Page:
Abstract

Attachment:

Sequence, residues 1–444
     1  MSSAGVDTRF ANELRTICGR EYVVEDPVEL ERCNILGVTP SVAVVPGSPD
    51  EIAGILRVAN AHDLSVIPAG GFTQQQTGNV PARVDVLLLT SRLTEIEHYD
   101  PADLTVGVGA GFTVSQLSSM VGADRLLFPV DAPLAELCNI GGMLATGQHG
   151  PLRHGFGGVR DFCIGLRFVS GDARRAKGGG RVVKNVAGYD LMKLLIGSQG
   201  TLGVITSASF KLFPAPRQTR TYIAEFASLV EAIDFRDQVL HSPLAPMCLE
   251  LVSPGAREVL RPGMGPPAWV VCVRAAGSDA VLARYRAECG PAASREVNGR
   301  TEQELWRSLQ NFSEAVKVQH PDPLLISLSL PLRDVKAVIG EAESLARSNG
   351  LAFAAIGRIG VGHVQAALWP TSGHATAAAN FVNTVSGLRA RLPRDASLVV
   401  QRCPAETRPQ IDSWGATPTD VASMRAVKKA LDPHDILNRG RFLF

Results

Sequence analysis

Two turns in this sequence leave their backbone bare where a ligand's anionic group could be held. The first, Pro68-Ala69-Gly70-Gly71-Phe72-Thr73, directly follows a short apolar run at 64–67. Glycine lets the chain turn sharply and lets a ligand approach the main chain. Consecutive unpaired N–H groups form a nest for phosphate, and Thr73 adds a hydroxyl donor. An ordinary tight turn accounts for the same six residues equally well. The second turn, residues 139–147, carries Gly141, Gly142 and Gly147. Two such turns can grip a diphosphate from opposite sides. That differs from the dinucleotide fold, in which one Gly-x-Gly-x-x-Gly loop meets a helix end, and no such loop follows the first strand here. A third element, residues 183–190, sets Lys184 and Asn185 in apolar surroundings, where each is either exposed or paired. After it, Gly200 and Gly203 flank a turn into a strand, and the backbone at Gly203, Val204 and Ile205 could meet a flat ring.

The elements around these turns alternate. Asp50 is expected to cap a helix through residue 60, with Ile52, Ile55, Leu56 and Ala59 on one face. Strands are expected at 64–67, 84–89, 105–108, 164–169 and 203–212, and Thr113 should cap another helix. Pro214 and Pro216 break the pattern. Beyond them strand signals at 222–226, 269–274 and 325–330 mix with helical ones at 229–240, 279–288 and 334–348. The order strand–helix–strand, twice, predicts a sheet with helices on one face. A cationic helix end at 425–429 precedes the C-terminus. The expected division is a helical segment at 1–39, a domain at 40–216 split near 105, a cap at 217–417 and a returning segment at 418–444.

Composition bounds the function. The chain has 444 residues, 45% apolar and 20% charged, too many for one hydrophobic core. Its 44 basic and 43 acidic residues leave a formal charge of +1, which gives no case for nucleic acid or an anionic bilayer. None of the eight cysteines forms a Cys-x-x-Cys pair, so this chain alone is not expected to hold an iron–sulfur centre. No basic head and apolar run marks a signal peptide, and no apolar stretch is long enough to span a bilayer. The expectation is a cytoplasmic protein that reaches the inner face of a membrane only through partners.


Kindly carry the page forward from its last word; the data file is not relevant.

The stratigraphy of Cretaceous rocks in the Western Canada Foreland Basin is well constrained by dense borehole data that allow three-dimensional mapping of transgressive–regressive events, paleogeography, and subsidence patterns. However, it is difficult to estimate rates of change or to place events in a precise temporal framework because very few of the many bentonite beds have been dated using modern techniques. In this study, two bentonites, of at least regional extent, were dated using isotope dilution – thermal ionization mass spectrometry (ID–TIMS) U–Pb methods on chemically abraded zircon crystals. The older bentonite correlates with the “X” bentonite of the late middle Cenomanian and yields an age of 95.87 ± 0.10 Ma. The Bighorn River Bentonite, which lies just below the Cenomanian–Turonian boundary, yields an age of 94.29 ± 0.13 Ma and is interpreted to equate with the “B” bentonite and bed 80 at Pueblo, Colorado. Both bentonites dated here are older than the previously reported 40Ar/39Ar ages from correlative United States samples, supporting the observation that 40Ar/39Ar ages may systematically underestimate ages of Cretaceous bentonites by ∼1%, as suggested by other recent studies. The X bentonite immediately precedes a major late middle Cenomanian eustatic transgression that inundated the Dunvegan delta complex. The new ages for the X and Bighorn River bentonites indicate an average minimum subsidence rate of ∼0.27 mm/year in the most proximal part of the Cenomanian foredeep in northeast British Columbia during this time. The new age of the Bighorn River Bentonite, coupled with the orbitally tuned time scale of Sageman et al. (2006), suggests a Cenomanian–Turonian boundary age of 94.12 ± 0.13 Ma.

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